But trying to show that to Delk results in an argument about his beliefs. dwalk31 dwalk31 , nobody can see your beliefs; we can only see these numbers.
This is the best response to what I've proposed. Basically my initial post said this is what Rusty responds with. I can't argue the data.

I can only argue that we have no data from the same situation. And like you said, arguing over beliefs is pointless.
 

Mark Antony

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The Greatest Wealth Transfer Program in the U.S. for Whites


From 1862 to 1986, the United States government ran a homestead program that gave 2,992,058 white settlers and European immigrants (both documented and undocumented) a minimum of 160 acres of land from the Mississippi River to the West coast of America, including the Alaskan territory. Authorized by the Homestead Act of 1862, this land giveaway program ended for all participating states in 1976 and ended for land awards in Alaska in 1986.



White recipients in the land giveaway program were recruited through a widespread, government-sponsored advertising campaign in newspapers in America and Europe. The land was awarded to applicants who promised to live on it and develop the land for five years. Title to the property vested at the end of this five-year period.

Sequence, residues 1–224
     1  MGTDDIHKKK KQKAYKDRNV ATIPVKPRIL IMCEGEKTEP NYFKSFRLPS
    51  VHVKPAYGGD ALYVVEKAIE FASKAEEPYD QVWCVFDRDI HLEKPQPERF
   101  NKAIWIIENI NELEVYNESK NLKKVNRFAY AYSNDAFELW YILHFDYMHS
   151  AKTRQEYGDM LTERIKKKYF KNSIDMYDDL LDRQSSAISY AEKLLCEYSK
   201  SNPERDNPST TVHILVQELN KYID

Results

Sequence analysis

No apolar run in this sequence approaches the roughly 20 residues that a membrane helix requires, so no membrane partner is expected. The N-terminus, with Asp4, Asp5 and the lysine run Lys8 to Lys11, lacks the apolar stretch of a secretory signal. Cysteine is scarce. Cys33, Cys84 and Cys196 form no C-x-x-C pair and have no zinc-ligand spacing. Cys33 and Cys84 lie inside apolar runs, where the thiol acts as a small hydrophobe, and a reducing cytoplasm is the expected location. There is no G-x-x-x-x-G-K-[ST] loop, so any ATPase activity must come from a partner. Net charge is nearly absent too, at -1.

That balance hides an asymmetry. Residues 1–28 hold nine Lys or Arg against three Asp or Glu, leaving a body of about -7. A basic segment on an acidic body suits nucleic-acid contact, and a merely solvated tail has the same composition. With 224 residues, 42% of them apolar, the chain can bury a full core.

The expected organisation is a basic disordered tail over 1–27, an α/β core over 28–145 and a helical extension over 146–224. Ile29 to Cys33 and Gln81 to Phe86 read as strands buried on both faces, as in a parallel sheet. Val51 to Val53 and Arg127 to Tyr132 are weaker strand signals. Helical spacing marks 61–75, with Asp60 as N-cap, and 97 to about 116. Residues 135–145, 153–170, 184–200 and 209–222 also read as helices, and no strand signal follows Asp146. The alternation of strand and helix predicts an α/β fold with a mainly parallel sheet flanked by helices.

Claimants paid total filing fees of $18 and $1.25 per acre after six-months of residency. These below-market land acquisition rates essentially made the land a free gift to the recipients.


Congress passed additional laws in 1873 that allowed the government to award larger tracts of land to these white settlers and immigrants.





:sick: This country man. Again "lucky that black people are looking for equality and not revenge".
 
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We're talking about providing food to Americans in dire need. Why even leave it to chance? Why threaten to cut them off?